Whitelisting, alone, can't stop malware
While using whitelisting together with AV might make some sense, whitelisting alone will never be able to stop malware.
I recently attended a speech by some marketroid from Bit9 about what they are doing. Well, they are trying to establish a global whitelist of all known good software - and, apparently, are failing miserably (although he didn't say so, of course). According to him, just Microsoft, SourceForge and Mozilla produce about a quarter a million of new executables every day. Each. Currently, just the index of Bit9's database of hashes of known good software is more than a hundred gigabytes - and they are nowhere near finished.
How are you going to deliver that to the end user's computer? It's much worse than the daily (hourly?) updates that AV currently does. And a centrally accessed database simply doesn't work. What are you going to tell the customer - you can't use your computer today, because we have a networking failure and can't check the programs you want to run against our whitelist just now?
And how are you going to prevent malware from ending on the whitelist? The AV people have their hands full trying to analyze 5000+ new malware programs every month. And these guys are experts. Do you really believe that a whitelisting company is going to analyze a million programs per day, in order to determine whether they are malware or not - and not make mistakes?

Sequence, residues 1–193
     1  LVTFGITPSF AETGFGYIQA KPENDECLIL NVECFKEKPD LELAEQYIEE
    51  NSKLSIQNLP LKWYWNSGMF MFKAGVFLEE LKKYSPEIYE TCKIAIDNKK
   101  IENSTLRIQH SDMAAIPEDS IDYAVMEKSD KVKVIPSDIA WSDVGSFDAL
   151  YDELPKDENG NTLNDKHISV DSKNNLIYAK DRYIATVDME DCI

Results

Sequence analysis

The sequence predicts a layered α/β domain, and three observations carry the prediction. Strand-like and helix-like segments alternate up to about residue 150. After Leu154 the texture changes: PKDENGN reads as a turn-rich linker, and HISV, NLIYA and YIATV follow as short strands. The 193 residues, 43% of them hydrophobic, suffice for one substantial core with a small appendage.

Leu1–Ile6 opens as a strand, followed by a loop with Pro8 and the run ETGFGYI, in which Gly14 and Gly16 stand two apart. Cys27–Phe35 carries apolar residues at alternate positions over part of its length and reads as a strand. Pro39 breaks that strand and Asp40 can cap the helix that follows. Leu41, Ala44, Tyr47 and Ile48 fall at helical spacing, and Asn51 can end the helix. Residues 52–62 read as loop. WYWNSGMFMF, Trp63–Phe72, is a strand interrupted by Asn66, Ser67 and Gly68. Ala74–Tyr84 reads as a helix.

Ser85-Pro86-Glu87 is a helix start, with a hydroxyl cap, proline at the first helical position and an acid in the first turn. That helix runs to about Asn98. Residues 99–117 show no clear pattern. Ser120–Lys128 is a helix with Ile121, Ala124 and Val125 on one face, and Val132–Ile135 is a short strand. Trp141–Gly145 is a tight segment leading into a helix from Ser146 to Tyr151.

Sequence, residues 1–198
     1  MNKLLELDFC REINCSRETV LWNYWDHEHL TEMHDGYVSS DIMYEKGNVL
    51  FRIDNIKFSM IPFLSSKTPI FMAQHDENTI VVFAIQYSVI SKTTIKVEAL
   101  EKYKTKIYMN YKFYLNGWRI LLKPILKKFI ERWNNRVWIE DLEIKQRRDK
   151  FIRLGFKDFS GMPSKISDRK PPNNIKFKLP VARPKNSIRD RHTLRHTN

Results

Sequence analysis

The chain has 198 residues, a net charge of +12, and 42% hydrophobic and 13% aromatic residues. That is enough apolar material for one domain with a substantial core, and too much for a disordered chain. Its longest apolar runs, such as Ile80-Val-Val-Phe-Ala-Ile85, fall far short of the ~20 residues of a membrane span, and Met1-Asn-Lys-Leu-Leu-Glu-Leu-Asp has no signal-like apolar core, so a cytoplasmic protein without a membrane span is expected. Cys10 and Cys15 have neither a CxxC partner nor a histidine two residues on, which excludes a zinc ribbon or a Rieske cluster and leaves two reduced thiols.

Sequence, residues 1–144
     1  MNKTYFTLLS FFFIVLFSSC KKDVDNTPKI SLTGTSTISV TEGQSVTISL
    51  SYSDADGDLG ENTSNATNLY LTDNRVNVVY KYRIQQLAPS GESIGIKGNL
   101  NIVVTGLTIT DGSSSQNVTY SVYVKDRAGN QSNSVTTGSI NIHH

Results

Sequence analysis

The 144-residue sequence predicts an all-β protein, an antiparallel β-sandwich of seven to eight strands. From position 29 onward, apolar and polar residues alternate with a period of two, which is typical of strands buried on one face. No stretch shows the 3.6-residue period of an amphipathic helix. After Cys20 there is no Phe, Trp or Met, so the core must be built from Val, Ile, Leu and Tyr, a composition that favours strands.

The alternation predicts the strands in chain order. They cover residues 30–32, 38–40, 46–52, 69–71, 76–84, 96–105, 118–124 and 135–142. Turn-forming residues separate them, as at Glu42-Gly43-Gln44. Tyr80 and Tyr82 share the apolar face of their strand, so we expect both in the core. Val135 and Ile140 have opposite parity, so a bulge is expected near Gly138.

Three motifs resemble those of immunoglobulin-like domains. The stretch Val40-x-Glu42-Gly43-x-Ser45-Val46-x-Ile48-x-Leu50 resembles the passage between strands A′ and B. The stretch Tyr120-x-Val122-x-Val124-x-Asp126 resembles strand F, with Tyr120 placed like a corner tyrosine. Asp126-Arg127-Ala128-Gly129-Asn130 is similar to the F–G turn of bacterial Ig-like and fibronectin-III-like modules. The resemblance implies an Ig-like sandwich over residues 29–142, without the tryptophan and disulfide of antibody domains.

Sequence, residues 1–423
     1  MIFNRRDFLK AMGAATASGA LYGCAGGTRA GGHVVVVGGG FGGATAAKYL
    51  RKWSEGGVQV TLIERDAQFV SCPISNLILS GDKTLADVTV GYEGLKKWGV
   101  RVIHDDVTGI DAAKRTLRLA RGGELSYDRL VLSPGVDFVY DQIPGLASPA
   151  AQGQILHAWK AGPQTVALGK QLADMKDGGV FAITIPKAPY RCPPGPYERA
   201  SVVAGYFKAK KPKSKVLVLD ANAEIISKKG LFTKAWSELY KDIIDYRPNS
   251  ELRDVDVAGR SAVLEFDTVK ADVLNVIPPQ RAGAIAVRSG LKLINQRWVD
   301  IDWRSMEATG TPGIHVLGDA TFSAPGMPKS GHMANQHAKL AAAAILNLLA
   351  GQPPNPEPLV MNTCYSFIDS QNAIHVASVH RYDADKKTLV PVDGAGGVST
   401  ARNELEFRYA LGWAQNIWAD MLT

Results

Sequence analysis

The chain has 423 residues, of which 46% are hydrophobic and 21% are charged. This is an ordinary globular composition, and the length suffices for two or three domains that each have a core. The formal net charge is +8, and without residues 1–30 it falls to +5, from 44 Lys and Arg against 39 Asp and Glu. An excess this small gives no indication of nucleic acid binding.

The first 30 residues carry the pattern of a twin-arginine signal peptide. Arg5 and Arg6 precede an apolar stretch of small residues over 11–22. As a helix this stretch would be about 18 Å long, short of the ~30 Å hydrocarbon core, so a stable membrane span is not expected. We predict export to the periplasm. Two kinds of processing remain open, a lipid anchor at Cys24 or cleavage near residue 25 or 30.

And you can't offload the decision whether something should be allowed to run or not to the user, either - because the user is even more incompetent and will make mistakes even more often. After all, if the users could really decide whether a program should be allowed to run or not on their computers, they wouldn't get infected in the first place!
Preventing access to types of files by policy doesn't work, either. Are you going to prevent access to Word documents by default? That would make the machine unusable. And, if you don't, the user can get hit by a Word document containing an exploit. Yes, you can prevent unknown macros from running, and if the exploit downloads, drops and runs an executable - you can prevent *that* from running. But an exploit doesn't have to do that. The shellcode in it can do plenty of damage and it runs in memory directly from the document; unless you prevent access to the document to begin with, you can't stop that.
And what about viruses like CodeRed that don't exist as executable files in the first place?
The rumors of AV's demise are greatly exaggerated, I'm afraid.
P.S. Yes, I work for an AV company. That might make me biased, but at least I know what I'm talking about.